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Polly Morgan Interview by Virginie Picot - FAD Magazine

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Polly Morgan Interview by Virginie Picot

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Polly Morgan is a British contemporary artist who works primarily with taxidermy. Polly Morgan lives and works in London, I have followed her career since the beginning when I was myself living in London. Her work has always strongly resonated with me for it is very powerful, eery and disturbing all at once. Her new solo show entitled “Endless Plains” is on in London at All Visual Arts from the 8th June to the 14th July I had the great honor to meet with her a few times recently in Paris, and she agreed to answer my questions for FAD.

V: Could you please describe your creative process:
PM: It has changed a bit in recent years. I think right at the beginning I used to be fairly determined by the animals I got given because my network to source animals wasn’t so broad.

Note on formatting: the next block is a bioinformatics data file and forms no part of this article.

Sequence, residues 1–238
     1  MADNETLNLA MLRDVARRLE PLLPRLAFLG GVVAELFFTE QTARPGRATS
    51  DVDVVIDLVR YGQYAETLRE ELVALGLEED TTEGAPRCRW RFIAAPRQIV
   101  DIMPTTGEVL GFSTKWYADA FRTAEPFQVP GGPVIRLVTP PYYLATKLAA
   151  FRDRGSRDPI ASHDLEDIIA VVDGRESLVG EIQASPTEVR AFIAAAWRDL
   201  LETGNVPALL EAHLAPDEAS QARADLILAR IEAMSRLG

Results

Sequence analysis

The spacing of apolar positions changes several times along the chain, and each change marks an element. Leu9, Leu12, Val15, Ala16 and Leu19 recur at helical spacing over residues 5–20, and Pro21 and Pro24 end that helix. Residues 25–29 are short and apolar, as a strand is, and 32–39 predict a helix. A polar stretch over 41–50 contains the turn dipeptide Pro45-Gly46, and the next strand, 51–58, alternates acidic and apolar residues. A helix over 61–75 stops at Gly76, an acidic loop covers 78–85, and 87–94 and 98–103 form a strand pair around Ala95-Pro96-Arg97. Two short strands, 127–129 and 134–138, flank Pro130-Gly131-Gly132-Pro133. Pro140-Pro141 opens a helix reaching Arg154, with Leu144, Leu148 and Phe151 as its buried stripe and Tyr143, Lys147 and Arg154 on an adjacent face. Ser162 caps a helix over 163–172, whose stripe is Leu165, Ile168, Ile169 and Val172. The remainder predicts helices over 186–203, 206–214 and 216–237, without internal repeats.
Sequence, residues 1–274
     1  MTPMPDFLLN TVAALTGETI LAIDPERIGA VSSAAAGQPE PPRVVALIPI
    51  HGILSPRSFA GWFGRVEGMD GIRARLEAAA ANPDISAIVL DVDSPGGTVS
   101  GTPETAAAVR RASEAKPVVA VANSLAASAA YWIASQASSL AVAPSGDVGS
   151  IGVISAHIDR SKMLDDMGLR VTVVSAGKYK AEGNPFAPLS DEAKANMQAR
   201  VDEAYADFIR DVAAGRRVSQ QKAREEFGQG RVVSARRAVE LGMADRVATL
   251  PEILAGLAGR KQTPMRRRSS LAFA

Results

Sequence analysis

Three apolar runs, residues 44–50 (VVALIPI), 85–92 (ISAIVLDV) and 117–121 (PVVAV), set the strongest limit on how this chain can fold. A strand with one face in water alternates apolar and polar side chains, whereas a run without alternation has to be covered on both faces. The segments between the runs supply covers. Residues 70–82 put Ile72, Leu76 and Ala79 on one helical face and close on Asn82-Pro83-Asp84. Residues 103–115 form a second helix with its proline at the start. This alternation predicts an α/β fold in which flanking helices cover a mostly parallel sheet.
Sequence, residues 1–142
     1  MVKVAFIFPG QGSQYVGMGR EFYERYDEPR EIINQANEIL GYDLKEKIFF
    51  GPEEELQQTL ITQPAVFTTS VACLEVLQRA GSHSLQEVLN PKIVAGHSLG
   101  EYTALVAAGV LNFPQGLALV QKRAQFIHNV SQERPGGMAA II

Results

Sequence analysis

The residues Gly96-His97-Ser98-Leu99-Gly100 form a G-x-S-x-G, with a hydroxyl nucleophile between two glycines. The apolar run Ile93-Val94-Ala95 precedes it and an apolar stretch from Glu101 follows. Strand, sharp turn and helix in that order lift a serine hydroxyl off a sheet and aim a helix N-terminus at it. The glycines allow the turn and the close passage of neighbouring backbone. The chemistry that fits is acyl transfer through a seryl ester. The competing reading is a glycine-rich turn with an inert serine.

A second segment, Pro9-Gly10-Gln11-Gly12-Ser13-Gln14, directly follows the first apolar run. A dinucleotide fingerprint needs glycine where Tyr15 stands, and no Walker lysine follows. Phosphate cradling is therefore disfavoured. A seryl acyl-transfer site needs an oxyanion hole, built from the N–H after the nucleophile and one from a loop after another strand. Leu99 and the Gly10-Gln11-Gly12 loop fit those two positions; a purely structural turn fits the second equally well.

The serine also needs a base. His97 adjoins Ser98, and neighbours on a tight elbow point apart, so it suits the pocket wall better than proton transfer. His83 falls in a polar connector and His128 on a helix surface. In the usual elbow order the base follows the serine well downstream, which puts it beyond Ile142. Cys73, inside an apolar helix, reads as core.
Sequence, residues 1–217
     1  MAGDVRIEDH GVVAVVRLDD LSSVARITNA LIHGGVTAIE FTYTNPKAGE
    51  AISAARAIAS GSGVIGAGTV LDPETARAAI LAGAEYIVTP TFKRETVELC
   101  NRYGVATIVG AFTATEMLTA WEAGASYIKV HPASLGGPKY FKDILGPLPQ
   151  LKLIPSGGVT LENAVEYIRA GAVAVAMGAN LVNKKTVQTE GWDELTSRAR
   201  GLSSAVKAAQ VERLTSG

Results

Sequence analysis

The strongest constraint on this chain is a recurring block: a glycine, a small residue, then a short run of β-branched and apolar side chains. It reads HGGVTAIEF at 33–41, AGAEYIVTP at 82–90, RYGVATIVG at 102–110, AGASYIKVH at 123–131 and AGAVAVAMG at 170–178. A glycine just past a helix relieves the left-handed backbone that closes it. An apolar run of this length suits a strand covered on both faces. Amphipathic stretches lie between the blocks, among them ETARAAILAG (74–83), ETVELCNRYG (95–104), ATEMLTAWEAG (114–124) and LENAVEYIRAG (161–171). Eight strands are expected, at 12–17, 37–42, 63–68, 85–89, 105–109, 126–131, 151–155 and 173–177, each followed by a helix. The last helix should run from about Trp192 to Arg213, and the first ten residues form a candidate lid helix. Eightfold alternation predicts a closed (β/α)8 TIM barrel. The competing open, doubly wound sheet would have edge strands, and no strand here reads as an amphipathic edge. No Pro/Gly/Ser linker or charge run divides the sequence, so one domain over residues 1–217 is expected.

I think I was also very excited at the beginning, quite inspired by each animal as I got them. I was inspired by the form of it which I think was a step I had to go through first and foremost.I hadn’t done taxidermy long, so each time I got a new creature I was just very excited by it, so my first few works were a result of that but that didn’t last that long.

Then when my work got got quite a lot of attention, I started to realize I had to do better than that and push myself further.

I thought I really had to plan the work, really think them through and not just be excited to just stuff the animals and have it there lying down/ I wanted to really conceptually push myself rather than keeping the work quite shallow.

So rather than just be about sheer aesthetic of it, I wanted it to become more conceptual.
As I was suddenly showing my work amongst those amazing artists, I thought I definitely needed to step up the mark a little.

And I did so by planning the work better, really think it through, research around the subject doing some sketches, and maquettes, and build up from there. I started to come up with more complicated ideas I suppose and ideas I live with for a while before I just execute them. I started to draw a lot more actually recently but that wasn’t something I did a lot of. I also create collages on photoshop.